Cardiologists in Los Angeles said Wednesday they have managed to create "biological pacemaker" cells that can restore heart rates.

A gene-therapy technique was used by the scientists in a study to turn working heart-muscle cells into cells that control a pig's heartbeat, according to The Verge. The technique allowed for heart rates to be restored for two weeks in pigs that often rely on mechanical pacemakers. The researchers said the procedure could lead to scientists developing therapies for people suffering from infections after a mechanical pacemaker implantation.

Eugenio Cingolani, a cardiogeneticist at the Cedars-Sinai Heart Institute and co-author of the study, said the procedure is practical because "no open-heart surgery is required to inject this gene."

The pigs in the study, which had complete heart block, were injected with a human gene called TBX18 in a small area in their hearts about the size of a peppercorn. The procedure was able to reprogram some of the heart-muscle cells in the pigs into cells that emit electric impulses and initiate heartbeats, which is not a function typically found in that area of the heart, The Verge reported.

The research team said the heart of a pig is very similar to the heart of a human, Fox News reported. The goal for the team is to use the technique to first help people with heart rhythm problems that can't use pacemakers because of infections or fetuses in the womb that have congenital heart block.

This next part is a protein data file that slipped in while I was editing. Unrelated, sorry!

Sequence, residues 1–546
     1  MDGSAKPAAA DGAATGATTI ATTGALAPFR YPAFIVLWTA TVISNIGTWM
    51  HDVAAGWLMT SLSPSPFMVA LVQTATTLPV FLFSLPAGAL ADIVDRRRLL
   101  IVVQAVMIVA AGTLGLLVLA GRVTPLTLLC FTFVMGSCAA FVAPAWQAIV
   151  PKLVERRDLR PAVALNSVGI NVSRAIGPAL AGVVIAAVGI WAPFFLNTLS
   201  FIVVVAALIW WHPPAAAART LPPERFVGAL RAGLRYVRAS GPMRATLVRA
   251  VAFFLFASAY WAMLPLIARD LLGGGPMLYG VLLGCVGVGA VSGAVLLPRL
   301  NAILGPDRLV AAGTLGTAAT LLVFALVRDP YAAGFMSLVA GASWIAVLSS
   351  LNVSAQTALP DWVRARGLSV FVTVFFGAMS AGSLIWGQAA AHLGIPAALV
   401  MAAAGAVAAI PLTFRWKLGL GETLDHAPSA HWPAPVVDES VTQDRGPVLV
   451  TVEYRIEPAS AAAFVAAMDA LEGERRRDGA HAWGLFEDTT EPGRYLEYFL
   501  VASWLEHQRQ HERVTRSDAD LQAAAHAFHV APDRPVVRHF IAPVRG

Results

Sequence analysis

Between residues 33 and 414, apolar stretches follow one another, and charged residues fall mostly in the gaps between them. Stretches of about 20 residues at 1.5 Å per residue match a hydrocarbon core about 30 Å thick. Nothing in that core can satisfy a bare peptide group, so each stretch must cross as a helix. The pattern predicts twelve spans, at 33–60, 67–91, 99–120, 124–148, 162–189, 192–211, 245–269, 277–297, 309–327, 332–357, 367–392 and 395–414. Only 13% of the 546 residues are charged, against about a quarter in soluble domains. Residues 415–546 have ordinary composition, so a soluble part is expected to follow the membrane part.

Eduardo Marban, a cardiologist at Cedars-Sinai and lead author of the study, said close to two percent of pacemakers result in an infection that needs to be treated. Almost 300,000 in the U.S. get pacemakers every year.

A common virus called an adenovirus was used to send the gene into the pig. The team said, however, that the virus doesn't possess any serious risks because they engineered it to "replication deficient" so it wouldn't reproduce and spread throughout the body, The Verge reported.

While the increased heart rates only lasted for the two-week period, the researchers said the therapy has the potential to last for longer periods of time.

"Based on the data showing in the paper or the unpublished results, we don't have any reason to believe ... that the two weeks is somehow a magic cap," Marban said.

The team is looking to conduct further animal studies to observe safety of the therapy and its long-term effectiveness, Fox News reported. Cingolani said if the therapy proves successful in the studies, "we hope to be able to begin trials in humans within three years."

The study was published in the journal Science Translational Medicine.